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Tags Current Affairs

Houbara bustard

Date: 14 January 2021 Tags: Miscellaneous

Issue

Members of the UAE’s royal family arrived in Pakistan’s Balochistan to hunt the internationally protected and highly vulnerable houbara bustard under a license issued by Pakistan’s foreign ministry.

 

Background

The country also issued special permits to Dubai Ruler Sheikh Mohammed bin Rashid Al-Maktoum and five other members of their family to hunt the bird during the 2020-21 hunting season.

 

Details

  • This is not the first time royals from the Gulf and their wealthy friends have descended on the deserts of Pakistan to hunt the rare bird species.

  • The private hunting expeditions date back over four decades and have continued even after Pakistan’s Supreme Court imposed a blanket ban on the killing of the houbara bustard in 2015.

 

Houbara bustard

  • The houbara bustard is a large terrestrial bird found in parts of Asia, the Middle East, and Africa. It is known to migrate to the Indian subcontinent every winter. It is similar to the critically endangered Great Indian Bustard, which is native to India.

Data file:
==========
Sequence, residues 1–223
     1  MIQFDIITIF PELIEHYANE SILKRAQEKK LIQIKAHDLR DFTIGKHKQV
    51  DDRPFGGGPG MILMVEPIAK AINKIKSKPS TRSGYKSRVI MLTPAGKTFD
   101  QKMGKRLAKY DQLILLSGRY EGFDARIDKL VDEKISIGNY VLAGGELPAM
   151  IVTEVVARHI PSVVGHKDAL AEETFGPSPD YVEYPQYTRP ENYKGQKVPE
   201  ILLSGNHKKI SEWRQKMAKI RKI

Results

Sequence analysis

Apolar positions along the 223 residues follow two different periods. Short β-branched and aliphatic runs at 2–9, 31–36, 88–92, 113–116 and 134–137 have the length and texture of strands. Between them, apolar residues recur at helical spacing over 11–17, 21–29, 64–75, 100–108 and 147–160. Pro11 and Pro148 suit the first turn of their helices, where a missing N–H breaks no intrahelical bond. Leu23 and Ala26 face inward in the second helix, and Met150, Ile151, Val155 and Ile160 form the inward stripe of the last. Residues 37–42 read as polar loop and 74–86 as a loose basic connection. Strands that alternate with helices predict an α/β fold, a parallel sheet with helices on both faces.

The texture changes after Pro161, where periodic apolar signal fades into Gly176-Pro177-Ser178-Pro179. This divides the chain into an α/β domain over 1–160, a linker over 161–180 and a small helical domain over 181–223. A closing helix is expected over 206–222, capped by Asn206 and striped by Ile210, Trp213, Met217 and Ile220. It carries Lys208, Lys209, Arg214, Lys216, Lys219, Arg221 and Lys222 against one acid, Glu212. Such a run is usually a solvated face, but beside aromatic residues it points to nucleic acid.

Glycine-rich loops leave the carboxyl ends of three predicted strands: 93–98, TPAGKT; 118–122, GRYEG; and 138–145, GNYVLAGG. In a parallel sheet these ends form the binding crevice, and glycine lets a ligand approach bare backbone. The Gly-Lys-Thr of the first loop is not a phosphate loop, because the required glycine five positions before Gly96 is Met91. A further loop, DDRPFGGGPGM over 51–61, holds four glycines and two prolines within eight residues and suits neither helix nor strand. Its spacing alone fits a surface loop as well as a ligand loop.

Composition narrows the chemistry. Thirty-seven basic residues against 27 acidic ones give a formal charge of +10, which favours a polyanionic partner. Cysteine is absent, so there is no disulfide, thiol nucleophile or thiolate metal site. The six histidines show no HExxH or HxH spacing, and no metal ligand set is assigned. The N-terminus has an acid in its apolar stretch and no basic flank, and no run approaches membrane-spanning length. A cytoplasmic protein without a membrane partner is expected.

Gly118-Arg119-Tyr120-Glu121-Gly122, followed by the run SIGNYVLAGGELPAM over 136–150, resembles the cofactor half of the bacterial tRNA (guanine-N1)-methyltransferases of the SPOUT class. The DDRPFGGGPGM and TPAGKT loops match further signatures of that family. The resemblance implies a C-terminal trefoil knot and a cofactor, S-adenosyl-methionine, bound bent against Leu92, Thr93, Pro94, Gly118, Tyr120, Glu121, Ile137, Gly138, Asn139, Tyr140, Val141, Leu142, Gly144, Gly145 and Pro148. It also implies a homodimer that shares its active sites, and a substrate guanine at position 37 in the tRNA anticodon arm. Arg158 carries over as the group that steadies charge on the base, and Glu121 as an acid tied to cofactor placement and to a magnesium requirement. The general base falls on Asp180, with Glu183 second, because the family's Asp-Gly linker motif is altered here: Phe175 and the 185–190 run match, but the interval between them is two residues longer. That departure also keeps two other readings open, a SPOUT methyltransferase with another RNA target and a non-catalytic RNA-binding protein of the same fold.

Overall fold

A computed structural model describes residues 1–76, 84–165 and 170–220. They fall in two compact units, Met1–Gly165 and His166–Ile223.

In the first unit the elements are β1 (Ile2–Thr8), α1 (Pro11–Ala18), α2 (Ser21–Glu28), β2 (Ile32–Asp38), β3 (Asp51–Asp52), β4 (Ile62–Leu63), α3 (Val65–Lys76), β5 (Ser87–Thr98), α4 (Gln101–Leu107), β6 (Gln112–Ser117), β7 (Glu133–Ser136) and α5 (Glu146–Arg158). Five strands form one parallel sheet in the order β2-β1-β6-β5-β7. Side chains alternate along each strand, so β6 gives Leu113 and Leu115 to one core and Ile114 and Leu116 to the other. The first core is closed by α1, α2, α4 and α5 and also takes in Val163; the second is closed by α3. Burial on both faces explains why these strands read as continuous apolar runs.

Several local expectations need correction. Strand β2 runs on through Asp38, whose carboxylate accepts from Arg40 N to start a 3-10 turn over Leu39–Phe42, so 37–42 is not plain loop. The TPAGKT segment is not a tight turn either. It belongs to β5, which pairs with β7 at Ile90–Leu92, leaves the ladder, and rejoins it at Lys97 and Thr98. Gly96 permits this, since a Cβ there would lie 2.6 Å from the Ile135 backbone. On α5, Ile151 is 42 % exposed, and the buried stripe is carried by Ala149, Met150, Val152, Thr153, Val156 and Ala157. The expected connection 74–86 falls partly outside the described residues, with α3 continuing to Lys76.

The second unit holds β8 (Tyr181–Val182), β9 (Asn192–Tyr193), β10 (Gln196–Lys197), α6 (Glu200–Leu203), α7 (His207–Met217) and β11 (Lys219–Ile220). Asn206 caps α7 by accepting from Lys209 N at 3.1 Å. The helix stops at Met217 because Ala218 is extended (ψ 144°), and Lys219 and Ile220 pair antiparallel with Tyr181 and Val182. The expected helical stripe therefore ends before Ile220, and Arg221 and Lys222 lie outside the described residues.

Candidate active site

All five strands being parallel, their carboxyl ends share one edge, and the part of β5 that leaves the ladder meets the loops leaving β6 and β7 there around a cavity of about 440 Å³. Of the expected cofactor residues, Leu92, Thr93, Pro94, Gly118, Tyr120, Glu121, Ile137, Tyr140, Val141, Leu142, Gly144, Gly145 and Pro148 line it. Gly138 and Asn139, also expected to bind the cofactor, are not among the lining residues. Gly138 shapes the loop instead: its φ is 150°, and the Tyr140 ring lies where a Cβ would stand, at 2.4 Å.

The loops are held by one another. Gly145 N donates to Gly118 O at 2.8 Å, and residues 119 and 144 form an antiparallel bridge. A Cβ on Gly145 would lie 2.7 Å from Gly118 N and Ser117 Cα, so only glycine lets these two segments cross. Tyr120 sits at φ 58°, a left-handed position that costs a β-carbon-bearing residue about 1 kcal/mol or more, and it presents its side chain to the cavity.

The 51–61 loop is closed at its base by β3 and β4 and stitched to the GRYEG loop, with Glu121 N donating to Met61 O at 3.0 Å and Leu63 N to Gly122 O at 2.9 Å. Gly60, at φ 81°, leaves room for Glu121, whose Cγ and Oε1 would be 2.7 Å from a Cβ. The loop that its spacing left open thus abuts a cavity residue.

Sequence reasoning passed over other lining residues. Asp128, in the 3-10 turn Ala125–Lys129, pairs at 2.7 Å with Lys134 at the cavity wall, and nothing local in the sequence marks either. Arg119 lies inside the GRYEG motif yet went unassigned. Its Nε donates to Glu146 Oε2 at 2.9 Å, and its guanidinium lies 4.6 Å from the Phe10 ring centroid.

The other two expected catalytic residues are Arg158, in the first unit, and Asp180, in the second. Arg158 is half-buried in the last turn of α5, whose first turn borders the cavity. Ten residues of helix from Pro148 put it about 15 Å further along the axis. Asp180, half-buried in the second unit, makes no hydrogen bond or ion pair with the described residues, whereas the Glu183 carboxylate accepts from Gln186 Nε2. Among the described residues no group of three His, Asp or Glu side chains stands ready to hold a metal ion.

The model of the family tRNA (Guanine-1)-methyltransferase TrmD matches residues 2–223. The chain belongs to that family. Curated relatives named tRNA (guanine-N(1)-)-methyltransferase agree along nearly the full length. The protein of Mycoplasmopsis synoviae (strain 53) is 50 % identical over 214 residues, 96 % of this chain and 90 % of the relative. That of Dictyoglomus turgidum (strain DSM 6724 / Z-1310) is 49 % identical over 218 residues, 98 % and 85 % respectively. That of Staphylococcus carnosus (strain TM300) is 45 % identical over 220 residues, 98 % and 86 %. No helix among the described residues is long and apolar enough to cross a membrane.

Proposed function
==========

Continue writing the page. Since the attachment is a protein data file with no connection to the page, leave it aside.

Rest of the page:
• After breeding during the spring season, the Asian bustards migrate south to spend the winter in Pakistan, the Arabian Peninsula and nearby Southwest Asia.

  • Some Asian houbara bustards live and breed in the southern part of their ranges including parts of Iran, Pakistan, and Turkmenistan.

  • According to the International Fund for Houbara Conservation (IFHC), roughly 33,000 Asian houbara bustards and over 22,000 of the North African houbara bustards remain today.

  • The main reasons for the decline in the species’ population are poaching, unregulated hunting, and the degradation of its natural habitat.

  • Wealthy dignitaries from the UAE, Saudi Arabia, and other Gulf countries arrive in the country to hunt down the birds using hunting gear and falcons every winter.

  • They kill the birds for sport and also because its meat is supposed to have aphrodisiac qualities.

 

Houbara hunting

  • The Pakistan foreign ministry has been extending invitations to wealthy and powerful Arabs for hunting houbara bustards in an attempt to strengthen the country’s diplomatic relations with Gulf nations.

  • Arab hunters first started coming to Pakistan to hunt in the 1960s after the houbara population in the Arabian peninsula began to dwindle.

  • Similar hunting expeditions also took place across the border in Rajasthan, where Arab royalty ruthlessly hunted the Great Indian bustard until the practice was banned in 1972.

  • Each permit allows the individual to hunt a total of 100 bustards in a designated area during a 10-day safari. But the Arab VIPs are known to violate the terms of the permit and kill far more bustards than agreed upon.

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